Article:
Rooted in Lived Experience: Gabriel Laderman
Gabriel Laderman, 1929-2011
Gabriel Laderman, who died of heart failure at the age of 81 on March 10th, was a major presence in the new American figuration that emerged in the 1960’s and ’70’s. Whether through his own paintings, his critical writings or his influential teaching, Laderman argued for perceptual representation free of art world cliché and able to engage with larger art traditions. He sought to forge vital contemporary work that could stand on the world stage as the equal of Abstract Expressionism.
The New York where he was born and raised was a heady mix of intellectual ambition and rigor. He started as an abstract painter in the late nineteen forties, seeking out Hans Hofmann, Willem de Kooning, Stanley William Hayter, Mark Rothko, Ad Reinhardt, and Alfred Russell as his teachers; although he would always admire these men’s work, like Alfred Russell himself, he became wary of the mannerisms and conventionality that arise from limited form vocabulary.
His year of graduate study at the Institute of Fine Arts in early Renaissance and Asian art transformed his understanding of the great art traditions. He later wrote of art as an agglomerating entity, a molecular model coherent in itself but available for any number of personal attachments and contributions. Rejecting the prevailing Hegelian assumptions about the directionality of art history, Laderman, like Fairfield Porter, questioned Clement Greenberg’s restrictive demand that art have a destiny somehow demanded by its zeitgeist. The molecular model wasn’t linear, but spatial, driven by studio practice rather than by theory, less obedient to fashion and more to individual temperament. In an essay titled “The Future of Landscape Painting” (Artforum, November 1968) he wrote: “Generations of pictorial solutions are available to us. The representational painter…should recognize that there are no viable rules and boundaries to his activity and proclaim his freedom by discovering and inventing the ones he needs to make a viable poetic statement.”
By the time he had earned his master’s degree from Cornell in 1957, Laderman had begun to see perception as the probity of his own art. He sensed nature and culture as mutually dependent, and spoke repeatedly of the Carraccis’ insistence on observation reinforced by a deep immersion in previous art. Existence was, for Gabriel, so richly complex, so much greater and more harrowing than our ability to encompass it, that a life well spent in art meant endless auto-didacticism and ceaseless self-criticism. He apprenticed himself to diverse kindred spirits in the history of art, making their discoveries his and adding to the vast ever-changing molecular spiral of world art.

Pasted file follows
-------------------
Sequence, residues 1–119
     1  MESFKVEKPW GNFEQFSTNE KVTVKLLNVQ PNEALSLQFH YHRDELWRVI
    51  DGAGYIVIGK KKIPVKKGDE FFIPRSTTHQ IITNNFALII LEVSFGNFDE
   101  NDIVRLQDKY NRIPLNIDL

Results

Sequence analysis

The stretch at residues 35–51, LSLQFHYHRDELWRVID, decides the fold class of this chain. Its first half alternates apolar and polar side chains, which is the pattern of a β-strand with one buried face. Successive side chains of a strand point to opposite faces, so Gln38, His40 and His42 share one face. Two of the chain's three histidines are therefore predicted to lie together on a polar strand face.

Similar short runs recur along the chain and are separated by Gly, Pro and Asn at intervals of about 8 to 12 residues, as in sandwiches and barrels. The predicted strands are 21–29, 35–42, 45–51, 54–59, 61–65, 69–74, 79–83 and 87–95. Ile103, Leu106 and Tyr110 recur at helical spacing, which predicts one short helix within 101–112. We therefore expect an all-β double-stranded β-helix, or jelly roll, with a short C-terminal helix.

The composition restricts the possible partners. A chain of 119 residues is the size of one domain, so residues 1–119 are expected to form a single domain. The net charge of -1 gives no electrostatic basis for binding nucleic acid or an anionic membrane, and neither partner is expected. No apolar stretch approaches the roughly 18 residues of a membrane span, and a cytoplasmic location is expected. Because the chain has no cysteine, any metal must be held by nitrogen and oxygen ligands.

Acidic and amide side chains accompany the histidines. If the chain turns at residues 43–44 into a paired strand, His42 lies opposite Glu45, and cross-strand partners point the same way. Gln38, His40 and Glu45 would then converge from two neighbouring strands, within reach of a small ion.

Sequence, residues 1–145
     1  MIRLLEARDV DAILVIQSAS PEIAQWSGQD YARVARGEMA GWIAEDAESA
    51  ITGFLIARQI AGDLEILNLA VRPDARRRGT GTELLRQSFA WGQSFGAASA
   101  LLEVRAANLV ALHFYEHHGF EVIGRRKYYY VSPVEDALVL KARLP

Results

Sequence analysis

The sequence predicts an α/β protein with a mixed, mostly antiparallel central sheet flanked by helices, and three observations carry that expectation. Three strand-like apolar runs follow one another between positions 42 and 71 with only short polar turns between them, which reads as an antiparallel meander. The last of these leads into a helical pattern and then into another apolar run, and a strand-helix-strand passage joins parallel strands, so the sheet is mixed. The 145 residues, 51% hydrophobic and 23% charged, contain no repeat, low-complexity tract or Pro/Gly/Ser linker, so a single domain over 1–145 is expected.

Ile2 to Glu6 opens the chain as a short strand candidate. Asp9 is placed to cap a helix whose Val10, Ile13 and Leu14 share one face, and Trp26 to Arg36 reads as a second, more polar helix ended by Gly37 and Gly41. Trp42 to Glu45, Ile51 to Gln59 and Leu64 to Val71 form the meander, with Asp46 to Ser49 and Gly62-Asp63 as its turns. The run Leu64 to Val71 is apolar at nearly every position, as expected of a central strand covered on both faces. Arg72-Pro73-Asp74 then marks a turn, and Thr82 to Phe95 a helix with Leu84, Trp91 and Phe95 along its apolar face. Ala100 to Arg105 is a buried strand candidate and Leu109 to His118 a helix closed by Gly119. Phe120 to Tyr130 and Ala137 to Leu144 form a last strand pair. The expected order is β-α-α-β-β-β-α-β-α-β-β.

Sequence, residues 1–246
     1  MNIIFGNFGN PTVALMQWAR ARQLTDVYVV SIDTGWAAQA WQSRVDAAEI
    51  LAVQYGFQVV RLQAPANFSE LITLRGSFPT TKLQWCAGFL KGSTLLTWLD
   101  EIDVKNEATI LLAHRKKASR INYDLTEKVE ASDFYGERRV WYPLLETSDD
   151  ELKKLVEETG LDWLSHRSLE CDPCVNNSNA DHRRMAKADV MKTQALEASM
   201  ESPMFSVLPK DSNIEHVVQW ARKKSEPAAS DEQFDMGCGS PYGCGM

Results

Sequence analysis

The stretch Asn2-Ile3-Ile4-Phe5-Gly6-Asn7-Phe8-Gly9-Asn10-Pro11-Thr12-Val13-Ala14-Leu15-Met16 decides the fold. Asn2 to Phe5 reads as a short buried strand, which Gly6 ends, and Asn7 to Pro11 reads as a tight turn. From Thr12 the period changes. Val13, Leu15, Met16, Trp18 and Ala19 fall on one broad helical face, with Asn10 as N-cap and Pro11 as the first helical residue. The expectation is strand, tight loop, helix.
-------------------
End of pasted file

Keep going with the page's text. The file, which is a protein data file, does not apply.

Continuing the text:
While Laderman differed in many ways from Hofmann, there are thought provoking parallels in his and his teacher’s approaches to painting and pedagogy. Both viewed tradition as Janus-faced and looked to the past as a source for how to move forward. For Laderman, as Hofmann, a painting was a world, not just an image, with its own internal relations and rhythms, movements and counter-movements, one whose structure was metaphorically linked to its content. In answering to the world itself, any painting not internally coherent and rich in feeling would seem dead, an insult to our experience of life’s complex dynamics. Laderman, like Hoffmann, was loved by some of his students and disparaged by others, but no one forgot their experience. Another point in common between Hofmann and Laderman is that, vaunted as teachers, both were underrated as painters during their lifetimes — whether by critics or peers — though time, we feel, will tell another story for Laderman as it has for Hoffmann. Laderman taught mainly at Pratt Institute, Queens College, and the Art Students League, but he was also a founding faculty member at the New York Studio School, a long-time visiting critic at Yale and was widely engaged as a guest lecturer. He was the founding Director of the Godwin-Ternbach Museum and the founding Director of the Queens College Summer Program at Caumsett State Historic Park.